"The universe is made of stories, not of atoms."
—Muriel Rukeyser

Promoting Crime Fiction Reviews Dennis Palumbo's PHANTOM LIMB

Psychologist Daniel Rinaldi’s newest patient has made a deal with him: he’s got just one hour to talk her out of committing suicide. Then she’s kidnapped

This fast-moving American thriller is narrated by  Rinaldi, and involves a good cast of classic noir characters: wise-cracking ex-actress Lisa Harland and her rich, older husband, Charles, who runs most of the city; ex-vet security guard Mike, and James, Charlie’s wastrel son; the enigmatic kidnapper Julian, and his tame thug, Griffin. On the side of the angels are spunky Agent Gloria Reese, good cop Polk and bad cop Bigler. Rinaldi is a genial hero, still carrying baggage from his past. The action is constant, with guns, explosions, hair-breadth escapes and a tense ending with a surprise perp.

The dialogue is snappy. This is the fourth Rinaldi novel, and although previous events are mentioned, there are no spoilers, and it reads well as a stand-alone.

A page-turning American thriller with a likeable psychologist hero.

You can order PHANTOM LIMB from your favorite independent bookstore, or from the publisher, Poisoned Pen Press.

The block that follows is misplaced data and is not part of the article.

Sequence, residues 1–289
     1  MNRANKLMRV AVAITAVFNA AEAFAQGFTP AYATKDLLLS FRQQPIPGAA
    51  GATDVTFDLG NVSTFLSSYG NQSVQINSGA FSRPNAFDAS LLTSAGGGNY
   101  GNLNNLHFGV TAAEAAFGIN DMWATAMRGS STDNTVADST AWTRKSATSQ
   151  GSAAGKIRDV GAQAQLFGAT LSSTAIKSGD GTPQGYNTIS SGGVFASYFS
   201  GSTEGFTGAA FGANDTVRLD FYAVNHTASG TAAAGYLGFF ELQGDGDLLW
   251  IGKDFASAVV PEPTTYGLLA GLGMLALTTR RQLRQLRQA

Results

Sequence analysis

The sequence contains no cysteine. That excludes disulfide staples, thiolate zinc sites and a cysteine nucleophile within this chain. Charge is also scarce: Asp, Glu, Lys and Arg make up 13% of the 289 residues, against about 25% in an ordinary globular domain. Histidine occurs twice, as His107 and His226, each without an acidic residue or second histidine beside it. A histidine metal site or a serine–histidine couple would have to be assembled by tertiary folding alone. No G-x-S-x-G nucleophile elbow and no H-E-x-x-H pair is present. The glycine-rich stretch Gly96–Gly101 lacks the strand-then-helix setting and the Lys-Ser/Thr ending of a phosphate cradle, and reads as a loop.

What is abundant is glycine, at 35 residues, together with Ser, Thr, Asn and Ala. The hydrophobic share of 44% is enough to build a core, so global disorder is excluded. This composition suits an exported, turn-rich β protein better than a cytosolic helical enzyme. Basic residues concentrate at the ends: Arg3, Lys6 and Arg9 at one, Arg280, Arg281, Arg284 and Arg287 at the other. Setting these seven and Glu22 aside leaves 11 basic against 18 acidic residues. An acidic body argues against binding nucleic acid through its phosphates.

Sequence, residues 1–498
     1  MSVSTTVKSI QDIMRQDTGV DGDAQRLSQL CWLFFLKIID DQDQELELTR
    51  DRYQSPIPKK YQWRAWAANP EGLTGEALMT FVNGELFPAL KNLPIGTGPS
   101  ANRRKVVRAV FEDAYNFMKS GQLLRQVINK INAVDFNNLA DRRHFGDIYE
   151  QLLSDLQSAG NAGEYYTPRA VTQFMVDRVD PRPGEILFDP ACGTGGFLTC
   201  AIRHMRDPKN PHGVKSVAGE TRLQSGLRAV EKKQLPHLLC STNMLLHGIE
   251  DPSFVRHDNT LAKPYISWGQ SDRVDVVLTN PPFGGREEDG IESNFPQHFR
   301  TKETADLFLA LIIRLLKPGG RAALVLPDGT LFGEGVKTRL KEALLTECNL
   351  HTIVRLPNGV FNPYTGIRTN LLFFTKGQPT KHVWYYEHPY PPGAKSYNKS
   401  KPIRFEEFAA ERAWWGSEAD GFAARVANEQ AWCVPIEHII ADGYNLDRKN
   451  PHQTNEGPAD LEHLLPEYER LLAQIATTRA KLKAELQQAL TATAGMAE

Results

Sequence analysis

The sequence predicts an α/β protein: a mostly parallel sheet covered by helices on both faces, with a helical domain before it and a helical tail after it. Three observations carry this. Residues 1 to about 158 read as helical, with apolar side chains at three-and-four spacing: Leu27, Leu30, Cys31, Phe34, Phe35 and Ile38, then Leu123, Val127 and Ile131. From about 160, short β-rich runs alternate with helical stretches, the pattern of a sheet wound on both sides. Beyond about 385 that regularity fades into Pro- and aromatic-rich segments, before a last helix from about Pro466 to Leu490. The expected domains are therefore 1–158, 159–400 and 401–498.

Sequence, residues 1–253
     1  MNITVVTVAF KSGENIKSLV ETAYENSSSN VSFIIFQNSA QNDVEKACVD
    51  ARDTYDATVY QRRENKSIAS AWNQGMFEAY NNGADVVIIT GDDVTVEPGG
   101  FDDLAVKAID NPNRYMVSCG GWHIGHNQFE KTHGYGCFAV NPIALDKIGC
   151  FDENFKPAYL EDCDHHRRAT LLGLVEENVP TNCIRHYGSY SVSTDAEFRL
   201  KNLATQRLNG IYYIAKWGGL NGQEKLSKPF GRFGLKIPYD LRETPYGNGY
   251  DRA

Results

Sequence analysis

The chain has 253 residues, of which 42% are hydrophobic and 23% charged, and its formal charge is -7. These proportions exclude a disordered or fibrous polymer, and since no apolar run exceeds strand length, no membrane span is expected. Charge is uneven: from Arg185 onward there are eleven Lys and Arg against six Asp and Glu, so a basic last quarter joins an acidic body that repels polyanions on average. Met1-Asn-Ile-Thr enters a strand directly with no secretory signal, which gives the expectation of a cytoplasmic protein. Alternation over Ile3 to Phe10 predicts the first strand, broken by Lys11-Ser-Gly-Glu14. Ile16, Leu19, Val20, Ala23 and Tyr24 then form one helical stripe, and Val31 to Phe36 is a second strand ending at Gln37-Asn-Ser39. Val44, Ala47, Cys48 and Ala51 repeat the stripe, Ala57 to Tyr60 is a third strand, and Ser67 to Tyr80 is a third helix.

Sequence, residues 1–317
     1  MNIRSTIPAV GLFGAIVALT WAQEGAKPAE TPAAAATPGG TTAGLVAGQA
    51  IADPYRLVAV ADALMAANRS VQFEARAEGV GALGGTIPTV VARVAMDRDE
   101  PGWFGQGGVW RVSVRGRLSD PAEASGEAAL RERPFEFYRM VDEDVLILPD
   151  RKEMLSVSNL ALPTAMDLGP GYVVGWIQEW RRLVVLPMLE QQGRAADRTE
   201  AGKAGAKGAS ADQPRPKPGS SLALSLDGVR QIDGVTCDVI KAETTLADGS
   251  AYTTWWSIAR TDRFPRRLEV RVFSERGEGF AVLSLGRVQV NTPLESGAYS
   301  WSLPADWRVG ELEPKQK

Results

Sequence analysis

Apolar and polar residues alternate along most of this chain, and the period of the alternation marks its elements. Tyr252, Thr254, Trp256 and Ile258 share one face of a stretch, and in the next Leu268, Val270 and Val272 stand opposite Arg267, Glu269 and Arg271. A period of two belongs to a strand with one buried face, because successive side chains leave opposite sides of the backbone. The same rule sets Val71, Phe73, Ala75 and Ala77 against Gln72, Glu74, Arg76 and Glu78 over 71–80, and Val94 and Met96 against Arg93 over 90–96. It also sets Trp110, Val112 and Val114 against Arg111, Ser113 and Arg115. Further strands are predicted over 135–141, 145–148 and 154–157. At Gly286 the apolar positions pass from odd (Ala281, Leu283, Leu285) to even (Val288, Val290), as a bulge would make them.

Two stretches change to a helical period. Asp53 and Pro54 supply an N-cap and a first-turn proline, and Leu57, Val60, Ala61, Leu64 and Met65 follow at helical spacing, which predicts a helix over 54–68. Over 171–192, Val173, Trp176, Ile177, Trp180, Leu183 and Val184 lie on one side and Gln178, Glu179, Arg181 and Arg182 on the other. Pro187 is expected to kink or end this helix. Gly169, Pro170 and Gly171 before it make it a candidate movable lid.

You can also order PHANTOM LIMB direct from Amazon.

Read more at Promoting Crime Fiction

Pang Brothers on American Horror Film

“When it comes to horror Americans crave explanation. Every detail has to be logical. Why is the ghost flying? Why is the ghost walking? Why does the ghost attack that guy and not the other guy? They keep asking.  This is a ghost movie. Ghosts are already illogical.”

Author and psychotherapist, Dennis Palumbo, Comments on the Psychology of the Hollywood Beard

Whether they're used to signal a new phase (Letterman's "retirement beard") or personal hiccup (Ben Affleck's "breakup beard"), chin whiskers come with their own semiotics. Says Jimmy Kimmel: "When David Letterman would come back from vacation with a beard, I always felt betrayed because I didn’t like that he had a personal life."

David Letterman's " retirement beard," spotted in full gray, bushy glory on Sept. 28 in Manhattan, announced more definitively than any press release that the CBS host had left the Late Show building for good. The strangely Middle-earthian whiskers went viral, tickling the Internet, which spewed judgments on how the 68-year-old — who had been hosting a late-night show for 33 years running — had let himself go. One superfan gave a thumbs-up, however. "I will have the same beard when I go off the air," Jimmy Kimmel — who, upon his return to the Live! desk this summer, debuted his own swarthy beard to decided acclaim — tells THR. "It will be growing down to my knees; people will expect me to bring presents down chimneys." As to the reason his idol underwent such a drastic style change, Kimmel suggests that growing a beard signals a switching-off of a public face: "When David Letterman would come back from vacation with a beard, I always felt betrayed because I didn't like that he had a personal life."